Don't take the risk! Get your pet microchipped :)
Doggy Holidays offers Qualified Peddymark Microchip Implanting in the comfort of your own home (East London)! We chip dogs, cats, rabbits and other mammals.
*** £12 ***
Discount for litters. Horses, reptiles and birds will need to be chipped by a vet
Why microchip your pet?
Microchipping your pet gives them the best chance of being identified and returned to you if they become lost or stolen. Since 6 April 2016, all dogs in England, Scotland and Wales must be microchipped. Puppies must be chipped before they go to their new homes under this new law. Cats and other pets are not required by law to be microchipped, but cats especially like to wander and it’s easy for them to get lost if they get frightened, or get inside a vehicle by accident. Rabbits and small pets are also notorious escape artists! So it is recommended that you get such pets done for extra peace of mind.
Once chipped, it is important to keep your details up to date in case you and your pet are separated. If you move house or change your phone number, you’ll need to contact the database company directly and let them know your new details.
What to do if your pet is lost or stolen
Phone the database company your pet’s microchip is registered with to let them know as soon as possible. They will flag your pet’s details so that if they are scanned by a vet or re-homing centre you’ll be contacted straight away. It’s also a good idea to double check your details are up to date in the system.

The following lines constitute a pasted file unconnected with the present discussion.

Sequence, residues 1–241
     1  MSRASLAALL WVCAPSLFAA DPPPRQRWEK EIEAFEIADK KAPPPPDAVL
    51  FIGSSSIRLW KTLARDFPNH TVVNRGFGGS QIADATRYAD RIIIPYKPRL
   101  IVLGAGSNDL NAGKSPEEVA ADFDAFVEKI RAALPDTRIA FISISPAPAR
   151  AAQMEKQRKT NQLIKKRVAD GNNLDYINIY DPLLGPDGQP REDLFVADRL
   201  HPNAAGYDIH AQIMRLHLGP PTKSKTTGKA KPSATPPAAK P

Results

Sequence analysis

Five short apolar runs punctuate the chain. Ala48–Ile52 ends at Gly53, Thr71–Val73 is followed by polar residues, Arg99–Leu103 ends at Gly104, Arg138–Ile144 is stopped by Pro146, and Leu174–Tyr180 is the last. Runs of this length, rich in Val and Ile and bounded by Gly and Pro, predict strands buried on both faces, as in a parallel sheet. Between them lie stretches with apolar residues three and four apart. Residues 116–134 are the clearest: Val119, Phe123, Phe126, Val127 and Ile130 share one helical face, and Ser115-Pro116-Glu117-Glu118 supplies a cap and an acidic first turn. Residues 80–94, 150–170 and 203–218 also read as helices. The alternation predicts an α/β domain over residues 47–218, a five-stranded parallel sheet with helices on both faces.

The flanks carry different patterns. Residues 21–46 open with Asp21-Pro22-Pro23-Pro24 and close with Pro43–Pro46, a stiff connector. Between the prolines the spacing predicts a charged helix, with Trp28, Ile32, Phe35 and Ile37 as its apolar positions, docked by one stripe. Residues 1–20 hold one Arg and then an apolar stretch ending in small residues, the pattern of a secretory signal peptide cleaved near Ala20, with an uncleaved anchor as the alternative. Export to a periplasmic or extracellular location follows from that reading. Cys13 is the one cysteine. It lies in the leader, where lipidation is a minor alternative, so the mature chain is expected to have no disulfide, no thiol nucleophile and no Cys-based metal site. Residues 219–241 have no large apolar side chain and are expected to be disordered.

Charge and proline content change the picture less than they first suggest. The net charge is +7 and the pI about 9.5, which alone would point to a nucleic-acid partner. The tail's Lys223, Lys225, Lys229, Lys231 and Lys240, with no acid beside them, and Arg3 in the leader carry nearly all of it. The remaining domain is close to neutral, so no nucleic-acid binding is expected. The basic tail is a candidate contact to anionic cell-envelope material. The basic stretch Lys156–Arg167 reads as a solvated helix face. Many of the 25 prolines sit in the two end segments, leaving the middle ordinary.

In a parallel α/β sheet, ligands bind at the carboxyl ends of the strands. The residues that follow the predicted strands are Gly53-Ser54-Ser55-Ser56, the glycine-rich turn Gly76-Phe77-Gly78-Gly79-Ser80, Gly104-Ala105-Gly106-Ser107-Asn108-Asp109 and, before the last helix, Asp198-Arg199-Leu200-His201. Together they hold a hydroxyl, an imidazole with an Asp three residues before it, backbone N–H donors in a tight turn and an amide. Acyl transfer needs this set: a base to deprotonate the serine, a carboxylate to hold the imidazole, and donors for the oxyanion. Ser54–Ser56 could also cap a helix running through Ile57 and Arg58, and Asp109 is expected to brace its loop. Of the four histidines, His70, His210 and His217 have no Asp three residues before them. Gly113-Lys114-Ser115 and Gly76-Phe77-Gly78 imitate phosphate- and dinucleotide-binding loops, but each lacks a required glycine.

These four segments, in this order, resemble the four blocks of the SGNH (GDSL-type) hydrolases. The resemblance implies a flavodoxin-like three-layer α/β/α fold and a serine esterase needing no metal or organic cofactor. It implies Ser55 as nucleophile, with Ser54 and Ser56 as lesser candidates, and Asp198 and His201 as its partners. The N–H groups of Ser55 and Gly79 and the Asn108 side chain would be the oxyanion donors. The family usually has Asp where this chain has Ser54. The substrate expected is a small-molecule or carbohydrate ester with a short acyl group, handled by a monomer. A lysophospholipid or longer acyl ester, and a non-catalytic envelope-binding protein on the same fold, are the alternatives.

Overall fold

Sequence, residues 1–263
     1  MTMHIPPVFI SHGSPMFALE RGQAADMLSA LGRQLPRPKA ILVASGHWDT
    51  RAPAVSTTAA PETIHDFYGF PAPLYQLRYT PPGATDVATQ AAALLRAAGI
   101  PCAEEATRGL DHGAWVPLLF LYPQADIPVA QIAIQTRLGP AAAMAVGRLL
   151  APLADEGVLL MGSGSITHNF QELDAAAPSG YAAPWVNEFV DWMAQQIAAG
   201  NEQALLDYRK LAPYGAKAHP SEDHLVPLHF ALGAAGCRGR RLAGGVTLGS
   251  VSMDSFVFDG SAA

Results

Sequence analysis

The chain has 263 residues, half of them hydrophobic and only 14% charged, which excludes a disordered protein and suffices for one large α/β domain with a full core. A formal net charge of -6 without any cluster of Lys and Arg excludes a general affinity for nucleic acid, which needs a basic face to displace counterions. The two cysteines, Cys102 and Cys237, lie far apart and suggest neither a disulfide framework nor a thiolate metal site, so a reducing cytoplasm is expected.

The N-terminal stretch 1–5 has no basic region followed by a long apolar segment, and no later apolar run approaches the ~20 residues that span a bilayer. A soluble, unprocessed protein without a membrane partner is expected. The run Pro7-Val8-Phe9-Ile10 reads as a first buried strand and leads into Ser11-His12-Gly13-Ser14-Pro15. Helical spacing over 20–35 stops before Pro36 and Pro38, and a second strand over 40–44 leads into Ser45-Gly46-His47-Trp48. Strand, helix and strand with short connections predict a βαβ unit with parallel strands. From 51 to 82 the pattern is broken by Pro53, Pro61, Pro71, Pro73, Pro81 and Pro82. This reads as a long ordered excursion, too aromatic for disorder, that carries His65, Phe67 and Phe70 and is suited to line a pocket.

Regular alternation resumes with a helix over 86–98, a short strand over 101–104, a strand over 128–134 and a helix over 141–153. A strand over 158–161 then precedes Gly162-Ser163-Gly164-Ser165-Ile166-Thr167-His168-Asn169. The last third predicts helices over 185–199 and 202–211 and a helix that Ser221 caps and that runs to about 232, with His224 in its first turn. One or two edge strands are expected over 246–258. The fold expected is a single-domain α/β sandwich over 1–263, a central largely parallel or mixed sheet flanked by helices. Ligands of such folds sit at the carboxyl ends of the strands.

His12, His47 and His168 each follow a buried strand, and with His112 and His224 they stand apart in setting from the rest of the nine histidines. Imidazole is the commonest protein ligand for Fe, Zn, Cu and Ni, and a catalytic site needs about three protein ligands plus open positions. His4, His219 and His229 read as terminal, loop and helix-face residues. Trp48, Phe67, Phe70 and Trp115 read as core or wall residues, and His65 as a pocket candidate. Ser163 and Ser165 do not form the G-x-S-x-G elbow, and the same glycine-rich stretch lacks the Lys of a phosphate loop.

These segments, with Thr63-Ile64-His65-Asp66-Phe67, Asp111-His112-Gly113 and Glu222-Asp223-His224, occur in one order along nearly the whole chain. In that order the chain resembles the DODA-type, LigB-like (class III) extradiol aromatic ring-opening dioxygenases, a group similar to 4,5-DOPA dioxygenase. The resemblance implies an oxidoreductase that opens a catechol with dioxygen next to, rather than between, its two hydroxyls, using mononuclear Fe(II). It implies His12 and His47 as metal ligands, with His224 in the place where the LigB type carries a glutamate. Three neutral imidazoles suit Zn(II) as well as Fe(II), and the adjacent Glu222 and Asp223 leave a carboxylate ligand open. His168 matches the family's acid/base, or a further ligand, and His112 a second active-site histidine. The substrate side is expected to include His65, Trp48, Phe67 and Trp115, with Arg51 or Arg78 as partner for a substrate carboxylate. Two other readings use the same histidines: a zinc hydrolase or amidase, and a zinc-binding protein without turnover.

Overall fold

Found a pet?
If the pet has no tag with contact info on, the recommendation is to find somewhere/someone who has a microchip scanner. If the animal is chipped the chip number can be looked up to find out who the owner is. Feel free to call if you have found an animal and you are unable to get the animal to a scanner, we can help 07875545649. If there is no chip and no way of figuring out who the owner is, you can either contact you're local authority (Dog Warden for dogs) or drop the animal off at your nearest vets/rescue.
The Environment Protection Act 1990 states that the finder of a stray dog should either return the dog to its owner, or inform the officer of the local authority (dog warden service) and have it collected. Environment Protection Act 1990.